21 January 1920
On 21 January 1920, Winston Churchill, then Secretary of State for War, wrote to fellow minister Herbert A.L. Fisher. He was determined to defend himself against accusations that one of his recent speeches on the Jewish role in the Bolshevik movement may have contributed to the lynching of thousands of Jews in areas of Russia held by anti-Bolshevik forces. Writing at length, Churchill didn’t include one word of concern regarding the anti-Jewish pogroms, which also included acts of mass rape, looting and torture, but instead insisted that he was merely speaking the truth.
‘I find no escape,’ he declared, ‘from the plain and obvious conclusion that the Jews are undoubtedly playing a predominant part in the Bolshevik movement, and that the majority of the leaders are Jews.’ He commented in detail on the supposed number of Jews among the ‘leading commissars’, of whom he claimed ‘only three are not Jews.’ He also presented figures to demonstrate ‘the truly astonishing predominance of Jews in all the Soviet institutions’ and he quoted a report which claimed that Jews had ‘almost monopolised the official and social life of Petrograd.’1
Churchill even included an anecdotal account he had heard ‘the other day’ from the ‘two Misses Healy, nieces of Tim Healy, (who) came to see my personal military secretary and related their experiences in Kiev… They made it quite clear that the Jews were practically the only people in Kiev who remained prosperous during the Bolshevik regime.’ The two women had lived ‘by giving lessons to Russian families before the revolution,’ and ‘continued to earn their livelihood under the Bolsheviks by giving lessons to the Jewish families.’2
Later Nazi propaganda, which blamed Bolshevism on the Jews, owed a debt to earlier proponents of such theories, including in particular Winston Churchill and the anti-Bolshevik White Russian generals, who in early 1920 Churchill still strongly supported. Churchill consistently and grossly exaggerated the role of Jews in the Bolshevik revolution. As a persecuted minority, a disproportionate number of Jews may have been present among various political groups advocating reform or revolution, but they constituted only a small minority of members within the Bolshevik Party and only a similarly small proportion of Jews within Russia were Bolsheviks. Even the majority of socialist Jews disapproved of the Bolshevik revolution.3 One of Churchill’s motives for portraying a very different picture seems to have been to enhance the appeal of his anti-Bolshevik crusade among Conservatives, many of whom also shared his anti-Semitic prejudices.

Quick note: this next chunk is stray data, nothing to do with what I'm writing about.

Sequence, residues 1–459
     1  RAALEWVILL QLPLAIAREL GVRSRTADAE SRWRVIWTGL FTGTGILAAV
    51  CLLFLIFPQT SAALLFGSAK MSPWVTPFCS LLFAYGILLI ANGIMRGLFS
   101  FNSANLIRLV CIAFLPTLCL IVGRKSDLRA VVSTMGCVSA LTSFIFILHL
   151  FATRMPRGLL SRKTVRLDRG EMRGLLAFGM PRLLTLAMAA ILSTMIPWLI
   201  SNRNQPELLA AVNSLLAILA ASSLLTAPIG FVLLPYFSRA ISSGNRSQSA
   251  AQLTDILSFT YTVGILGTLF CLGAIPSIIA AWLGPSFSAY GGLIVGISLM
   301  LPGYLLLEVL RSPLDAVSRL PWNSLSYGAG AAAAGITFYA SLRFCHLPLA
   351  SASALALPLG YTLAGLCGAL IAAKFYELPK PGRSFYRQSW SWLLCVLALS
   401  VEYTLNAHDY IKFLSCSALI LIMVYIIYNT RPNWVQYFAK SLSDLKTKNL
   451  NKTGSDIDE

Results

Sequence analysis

- Winston S. Churchill letter to H.A.L. Fisher cited in Martin Gilbert, Winston S. Churchill, Volume IV Companion Part 2 Documents, July 1919 – March 1921, Heinemann, London, 1977, pp. 110-112
- Winston S. Churchill, op. cit., p. 112
- Oleg Bugnitskii, Russian Jews Between the Reds and the Whites, 1917-1920, University of Pennsylvania Press, Philadelphia, 2012, p. 3 and Christopher R. Browning, The Fake Threat of Jewish Communism, The New York Review of Books, 21 February 2019, accessed online at url https://www.nybooks.com/articles/2019/02/21/fake-threat-of-jewish-communism/
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